A vivid commentary on Jewish survival and Jewish speech communities that will be enjoyed by the general reader, and is essential reading for students and researchers interested in the study of Middle Eastern languages, Jewish studies, and sociolinguistics.
This books looks into how L2 learners of Japanese acquire nominal modifying constructions such as adjectival clauses, nominal complements and relative clauses. Hanako Fujino reviews some of the theoretical discussions regarding these constructions and provides new pieces of evidence that shed light on their nature.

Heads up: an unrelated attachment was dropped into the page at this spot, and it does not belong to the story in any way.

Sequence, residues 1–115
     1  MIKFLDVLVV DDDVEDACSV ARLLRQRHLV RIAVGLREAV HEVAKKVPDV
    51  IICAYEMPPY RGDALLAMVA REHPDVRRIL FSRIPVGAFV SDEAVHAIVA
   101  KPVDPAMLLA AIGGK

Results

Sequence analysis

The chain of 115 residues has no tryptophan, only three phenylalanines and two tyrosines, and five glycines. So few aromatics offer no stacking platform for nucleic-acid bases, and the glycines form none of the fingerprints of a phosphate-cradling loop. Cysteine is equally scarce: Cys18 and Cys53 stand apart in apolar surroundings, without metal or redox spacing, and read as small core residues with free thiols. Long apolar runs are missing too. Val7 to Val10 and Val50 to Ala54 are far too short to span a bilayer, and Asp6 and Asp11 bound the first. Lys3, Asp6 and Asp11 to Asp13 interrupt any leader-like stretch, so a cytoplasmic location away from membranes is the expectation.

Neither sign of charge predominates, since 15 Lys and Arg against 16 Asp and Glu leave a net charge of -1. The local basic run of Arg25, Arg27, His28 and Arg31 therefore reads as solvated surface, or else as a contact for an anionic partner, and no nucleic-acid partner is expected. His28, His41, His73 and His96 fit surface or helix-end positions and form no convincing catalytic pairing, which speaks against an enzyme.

Special attention is drawn to a phenomenon by which learners occasionally insert a non-target-like no between the modifying clause and the head noun. This phenomenon is interesting not only because it is observed among the different modifying constructions, but also because it is exhibited by learners of different L1s and because Japanese children also show a similar phenomenon during L1A. By focusing on the diachronic changes that the adnominal form – an inflectional form common to nominal modifying clauses – has gone through, Fujino puts forth an account based on phonological grounds.